Anti-Fascist Rally Downtown

On November 7th, a group called Refuse Fascism hosted a rally in Downtown Fullerton, at the corner of Harbor and Chapman. This was part of a series of protests hosted all over the country to encourage people to use non-violent mass mobilization to “drive out the Trump Pence regime.”

Fran Sosa, an organizer of the rally, said that the purpose of the rally was to encourage people to do more than just vote to make their voices heard.

“People have been paralyzed by this idea that all we need to do is go out and vote—all that people need to do is every four years go out and pull a lever, then go home, shut up, and stop protesting,” said Sosa, “The only way that we are actually going to drive out the Trump/Pence regime is if millions of people fight for it. And when I say ‘fight for it’ I mean non-violent mass mobilizations day after day.”



The group Refuse Fascism, which is not Antifa, was formed after the election of President Donald Trump, and they are non-violent.

The protest took place on the day when Trump forced out Attorney general Jeff Sessions, who had previously recused himself from the Mueller investigation.

“The fact that he was forced to quit by Trump for the very reason that he recused himself from the Mueller investigation, basically recused himself from defending Trump, that is a further step, in and of itself toward fascism, toward a dictatorship of a strong man—that anything Trump says is true, that anything he wants has to be done,” said Sosa.

Morgan Mull, a Fullerton College student attending the rally, said that the country needs a change in leadership because Trump is “racist, he’s sexist, he’s harmful to the country in every way he can be.”



Mull said she was happy with the outcome of the midterm election because “it was one of the biggest millennial turnouts…As a millennial, I was rooting for my peers to come through, and we did.”

Connor is a Fullerton College who also helped organize the rally. He agreed with Sosa that people need to do more than just vote to make a change.

“It’s going to be the tens of millions of people in this country who hate what this regime is doing and what it represents,” said Connor, “We need to get millions of people into the streets, like they did in Egypt, like they did in South Korea, like in Armenia, like what they’re doing right now in Romania.”

Dizzie Parker, another organizer of the rally, gave a speech using a bull horn.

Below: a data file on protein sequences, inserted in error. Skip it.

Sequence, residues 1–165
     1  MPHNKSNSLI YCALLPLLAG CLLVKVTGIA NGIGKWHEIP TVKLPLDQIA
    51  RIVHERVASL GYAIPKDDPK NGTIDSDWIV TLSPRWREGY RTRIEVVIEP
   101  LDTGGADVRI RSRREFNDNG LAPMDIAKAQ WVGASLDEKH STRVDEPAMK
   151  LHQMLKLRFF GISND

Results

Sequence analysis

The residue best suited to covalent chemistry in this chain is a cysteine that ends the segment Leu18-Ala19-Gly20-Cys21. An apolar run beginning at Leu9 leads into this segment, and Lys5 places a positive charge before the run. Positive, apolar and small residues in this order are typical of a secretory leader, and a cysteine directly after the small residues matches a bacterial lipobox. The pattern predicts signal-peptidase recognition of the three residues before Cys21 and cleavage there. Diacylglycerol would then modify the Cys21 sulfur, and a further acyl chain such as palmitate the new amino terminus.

“You are all in the right place. You are beautiful people standing on the right side of history, doing the right thing, standing with all the people of the world—not just thinking about ourselves. We gotta stop thinking like Americans, and start thinking about humanity,” said Parker, “If we don’t stand together in this dark hour, the hammer of fascism is going to drop really quick, and it has been dropping really fast. There’s only so much time.”

Parker said that what the Trump administration has been doing, sending Amed troops to the border “to terrorize refugees” is an example of fascism. He pointed out that much of the refugee crisis is a result of US foreign policy in Latin America.

Noah Martinez, a student protester at the rally, said, “I am out here because I want to make sure that America is actually going to be great, and not just have someone say that America is great, even though they’re doing all these horrible things in the White House.”



I asked Parker why he thinks Donald Trump is a fascist, since neither Trump nor his supporters would describe themselves as “fascist.”

Parker said that Trump has demonized and scapegoated entire sets of people, which is a hallmark of fascism.

“First they went after the Muslims with the Muslim ban, and they demonized a whole section of people. And then they went after the immigrants, and they continue to go after the immigrants in a more accelerated and vicious way. And, on top of that, they’re talking about rolling women’s rights back into the dark ages, and shredding up the rule of law, and just completely disregarding the normal channels of American democracy. These are clear indications of fascism,” said Parker,  “There’s a reason why Neo-Nazis are being emboldened in the streets. There’s a reason why Charlottesville happened in such an accelerated way. It’s fascism.”

And what, exactly, is fascism?

“It’s a qualitative shift in the way society is governed. It relies on open terror. It relies on demonization and scapegoating of other cultures. It requires and demands complete obedience to the state, and it concentrates more and more power into fewer and fewer hands,” said Parker.

I asked Parker if he thinks people could support fascist policies without even realizing it.

“People can support fascism without knowing it’s actually fascism. I don’t think that, in general, people wake up in the morning and say to themselves, ‘How am I going to be a good fascist today?’” said Parker.

He said that the danger is that fascism provides easy answers to complex questions.

He added that fascism can be voted in, but it’s much harder to vote it out.

“Regardless of whether or not you voted, and regardless of who won in last night’s election, there’s still two more years of the same people in power, and every day they’re just grinding up what we knew as American democracy,” said Parker.

A well-dressed couple on their way to go dancing at the Atomic Ballroom walked past the protest, and decided to join in.

“We walked past, and I said, ‘Wait a second, what are we doing walking past here. We should join in. We were talking about how we want to do something other than just vote. Because you feel powerless sometimes when you vote, and you’re vote doesn’t seem to mean much of anything. And so here was our opportunity to actually try to do something to have our voice be heard,” said Megan Hawks, who went dancing with her partner after the rally.




Categories: Downtown, Local News